Periorbital Necrobiotic Xanthogranuloma Successfully Treated with Intravenous Immunoglobulin.Case Rep Ophthalmol 2018 Jan-Apr; 9(1):70-75CR
Necrobiotic xanthogranuloma (NXG) is a rare non-Langerhans histiocytosis with cutaneous manifestations, most commonly of the periorbital skin, and is often associated with hematologic disorders such as monoclonal gammopathy. Treatment of NXG is notoriously difficult, and fraught with recurrence and progression.
The authors describe a case of NXG with periorbital involvement in a patient with a complex autoimmune and hematologic medical history. The biopsy of this rare lesion prompted subsequent evaluation for an underlying disorder, which led to the diagnosis of multiple myeloma. Her NXG lesions demonstrated remarkable clinical improvement after treatment with intravenous immunoglobulin (IVIG).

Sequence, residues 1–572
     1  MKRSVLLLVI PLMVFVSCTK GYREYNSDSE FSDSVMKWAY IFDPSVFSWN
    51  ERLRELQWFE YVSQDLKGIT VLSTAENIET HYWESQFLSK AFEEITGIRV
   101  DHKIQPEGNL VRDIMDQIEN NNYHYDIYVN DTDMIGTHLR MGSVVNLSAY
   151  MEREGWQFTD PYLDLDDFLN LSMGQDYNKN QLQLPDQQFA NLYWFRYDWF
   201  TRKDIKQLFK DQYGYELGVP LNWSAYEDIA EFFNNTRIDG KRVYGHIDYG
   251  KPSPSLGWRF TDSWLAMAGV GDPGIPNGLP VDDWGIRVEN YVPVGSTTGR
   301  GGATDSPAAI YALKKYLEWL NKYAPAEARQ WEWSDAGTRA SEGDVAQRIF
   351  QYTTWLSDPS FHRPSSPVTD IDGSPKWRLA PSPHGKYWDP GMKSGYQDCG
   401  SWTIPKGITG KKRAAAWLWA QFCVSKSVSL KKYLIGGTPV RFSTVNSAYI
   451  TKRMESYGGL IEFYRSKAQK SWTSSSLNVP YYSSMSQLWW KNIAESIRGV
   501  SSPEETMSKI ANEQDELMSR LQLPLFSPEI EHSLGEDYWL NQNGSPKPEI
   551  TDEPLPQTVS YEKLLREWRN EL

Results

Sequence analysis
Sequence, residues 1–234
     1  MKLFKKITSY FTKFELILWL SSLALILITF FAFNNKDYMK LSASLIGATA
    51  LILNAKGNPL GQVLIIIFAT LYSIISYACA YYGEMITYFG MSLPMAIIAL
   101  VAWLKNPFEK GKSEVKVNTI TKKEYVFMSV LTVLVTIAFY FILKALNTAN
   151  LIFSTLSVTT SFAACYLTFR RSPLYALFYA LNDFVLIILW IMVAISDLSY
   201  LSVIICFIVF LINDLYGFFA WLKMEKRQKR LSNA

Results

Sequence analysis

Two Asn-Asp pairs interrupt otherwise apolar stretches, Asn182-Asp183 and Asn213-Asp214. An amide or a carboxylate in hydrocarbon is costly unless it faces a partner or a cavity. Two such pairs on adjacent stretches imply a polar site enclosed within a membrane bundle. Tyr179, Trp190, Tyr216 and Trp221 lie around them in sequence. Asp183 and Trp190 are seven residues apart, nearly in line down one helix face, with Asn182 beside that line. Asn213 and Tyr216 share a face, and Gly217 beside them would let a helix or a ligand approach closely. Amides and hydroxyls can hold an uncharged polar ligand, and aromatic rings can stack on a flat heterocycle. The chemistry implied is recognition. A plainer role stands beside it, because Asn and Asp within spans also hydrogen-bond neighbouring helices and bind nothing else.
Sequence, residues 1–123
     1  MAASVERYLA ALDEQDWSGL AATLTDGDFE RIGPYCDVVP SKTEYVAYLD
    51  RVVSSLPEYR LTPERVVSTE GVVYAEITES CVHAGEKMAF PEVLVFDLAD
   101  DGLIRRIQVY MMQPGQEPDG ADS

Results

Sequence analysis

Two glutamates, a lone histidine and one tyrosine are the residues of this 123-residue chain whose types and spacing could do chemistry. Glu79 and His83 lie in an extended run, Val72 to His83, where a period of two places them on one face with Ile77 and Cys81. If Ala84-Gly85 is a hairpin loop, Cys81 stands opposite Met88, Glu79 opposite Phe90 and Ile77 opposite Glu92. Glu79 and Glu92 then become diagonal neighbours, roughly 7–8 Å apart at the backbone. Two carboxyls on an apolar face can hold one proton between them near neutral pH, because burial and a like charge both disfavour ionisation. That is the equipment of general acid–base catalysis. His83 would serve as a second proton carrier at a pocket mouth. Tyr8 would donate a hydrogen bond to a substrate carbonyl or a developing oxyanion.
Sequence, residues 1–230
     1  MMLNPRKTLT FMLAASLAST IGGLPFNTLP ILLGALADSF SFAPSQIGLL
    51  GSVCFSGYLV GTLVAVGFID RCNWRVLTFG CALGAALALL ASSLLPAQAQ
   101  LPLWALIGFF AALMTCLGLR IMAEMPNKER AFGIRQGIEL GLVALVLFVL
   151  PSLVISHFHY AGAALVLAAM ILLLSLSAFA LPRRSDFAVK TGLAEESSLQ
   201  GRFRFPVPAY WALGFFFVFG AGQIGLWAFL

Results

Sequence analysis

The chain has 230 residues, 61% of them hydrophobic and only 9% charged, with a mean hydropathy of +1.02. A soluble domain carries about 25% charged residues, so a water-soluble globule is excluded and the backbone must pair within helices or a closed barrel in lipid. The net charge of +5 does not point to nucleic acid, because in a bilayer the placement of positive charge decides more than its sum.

This case demonstrates the ophthalmologist's critical role in the diagnosis and management of NXG, as early detection cannot only prevent ophthalmic consequences such as ocular perforation and blindness, but also prompt further investigation that may reveal an underlying disorder or systemic involvement, including hematologic malignancy as in this case. NXG has been effectively treated with IVIG in a handful of reported cases. To the author's knowledge, this is the third case of periorbital NXG successfully treated with IVIG, and the first in the ophthalmic literature.